And even though I’m part of it, I hate the mainstream fitness industry with a white hot fire most people reserve for slow walkers or strangers who are wrong on the Internet.

   The fitness and diet industries had me in the palms of their low-carb fat-free hands as soon as I was old enough to open a Reader’s Digest. An obsession with so-called “nutrition” developed as a by-product of my compulsive need to shrink my body.

I got my tips, tricks and information from the  “wellness” columns of women’s magazines.  In those pages, I learned how to calculate my BMI and RMR (Resting Metabolic Rate) and that a pound of body fat was equal to 3,500 calories.

Posters at the gym showed images of foods–candy bars, apples, sugary coffee drinks, hamburgers–position next to the number of minutes you’d have to run to burn them off–120, 18, 90, 210.

In the corner of the poster, a blonde ponytailed woman in a purple sports bra raised her eyebrows and pursed her lips and shrugged one shoulder toward the camera.

“Is it worth it?” asked the text beneath her.

 Exercise was atonement for the sin of eating, the elliptical machine an altar on which to sacrifice your desires. All to make you happier! Fitter! More worthy of love! Also able to wear a two piece bathing suit without apology!

Up until adolescence, physical activity was something I did because I enjoyed it. I was happiest when dancing or swimming or cartwheeling outside on the lawn. Then it became both a method of self-laceration and a coping mechanism for other turmoil in my life.

    When I was on the elliptical or holding a plank or tracking my calories, nothing could touch me. The endorphins coupled with the light headedness I experienced a bi-product of my anorexia created a high I couldn’t get enough of. I was abusing exercise like a substance addict abuses drugs or alcohol. I had no other tools for coping with a life that felt chaotic and uncertain and, even though it made me feel exhausted and weak, I couldn’t stop.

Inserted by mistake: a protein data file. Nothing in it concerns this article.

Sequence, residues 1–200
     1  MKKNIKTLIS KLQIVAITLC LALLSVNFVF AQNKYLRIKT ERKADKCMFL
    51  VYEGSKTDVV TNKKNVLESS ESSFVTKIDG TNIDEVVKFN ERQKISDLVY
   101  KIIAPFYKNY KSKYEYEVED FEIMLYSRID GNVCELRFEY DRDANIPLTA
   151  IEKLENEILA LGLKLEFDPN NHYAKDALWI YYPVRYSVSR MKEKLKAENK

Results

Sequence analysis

After I entered initial recovery, I avoided most organized workouts for years. Every time I’d go back to a gym or workout class, I’d hear the voices I used to hear. While I loved to move, structured exercise reminded me of one of the lowest points of my life.

I wasn’t sure how to exercise in moderation or without treating it as punishment.  I worried about triggering old behaviors, that a switch would go off in my brain and I’d go back to starving myself. It didn’t help that every time I’d visit a gym or fitness class I was bombarded by those same old messages:

    “Push just a little bit more and you’ll burn more calories!”

    “Let’s flatten those abs and tighten those saddlebags!”

    Once I used a free guest pass for a certain NYC gym chain and the member services director asked me about my weight loss goals–despite the fact that I hadn’t mentioned wanting to lose weight or change my size.

And I’m in a smaller body naturally, so I can’t imagine what he’s saying to folks in bigger bodies.

    Finding a workout environment that wouldn’t trigger disordered thoughts felt like trying to find a golden haired unicorn at the DMV or a Republican at Woodstock. I gave up hope that I’d ever be able to enjoy an exercise class or gym environment again.

    Five years into recovery,  I found myself exercising again . . . for fun.

I started taking Pilates classes, walking trails and occasionally even lifting weights. After pregnancy and childbirth, and a subsequent battle with postpartum depression, I found that exercise helped me feel like myself again.

 I felt stronger, happier, more balanced.